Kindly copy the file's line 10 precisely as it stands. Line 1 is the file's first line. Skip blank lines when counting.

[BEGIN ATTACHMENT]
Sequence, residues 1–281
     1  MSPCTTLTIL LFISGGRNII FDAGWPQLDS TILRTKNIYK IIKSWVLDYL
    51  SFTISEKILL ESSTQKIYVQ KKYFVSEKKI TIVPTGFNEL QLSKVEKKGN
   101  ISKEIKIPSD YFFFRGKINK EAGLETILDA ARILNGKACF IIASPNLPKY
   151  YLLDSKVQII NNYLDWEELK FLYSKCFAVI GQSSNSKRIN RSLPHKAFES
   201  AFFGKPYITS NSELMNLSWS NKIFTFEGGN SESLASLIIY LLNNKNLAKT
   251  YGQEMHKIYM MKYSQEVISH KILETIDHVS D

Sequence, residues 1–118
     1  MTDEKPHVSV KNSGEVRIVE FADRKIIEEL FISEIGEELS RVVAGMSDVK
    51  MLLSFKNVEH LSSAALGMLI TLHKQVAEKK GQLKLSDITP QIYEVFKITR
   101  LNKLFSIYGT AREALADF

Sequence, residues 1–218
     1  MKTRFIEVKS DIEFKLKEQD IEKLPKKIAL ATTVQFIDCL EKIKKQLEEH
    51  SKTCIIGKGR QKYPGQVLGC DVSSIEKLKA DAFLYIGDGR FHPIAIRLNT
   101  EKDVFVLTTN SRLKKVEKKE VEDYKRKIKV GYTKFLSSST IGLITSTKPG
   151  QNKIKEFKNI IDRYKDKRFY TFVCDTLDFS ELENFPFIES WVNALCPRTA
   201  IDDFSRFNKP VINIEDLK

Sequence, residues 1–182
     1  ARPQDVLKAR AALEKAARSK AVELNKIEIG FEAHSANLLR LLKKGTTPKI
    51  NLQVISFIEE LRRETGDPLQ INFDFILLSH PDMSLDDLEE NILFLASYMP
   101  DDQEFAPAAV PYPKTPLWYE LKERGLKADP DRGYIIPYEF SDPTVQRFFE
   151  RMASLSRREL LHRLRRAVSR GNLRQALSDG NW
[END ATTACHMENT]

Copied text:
    51  MLLSFKNVEH LSSAALGMLI TLHKQVAEKK GQLKLSDITP QIYEVFKITR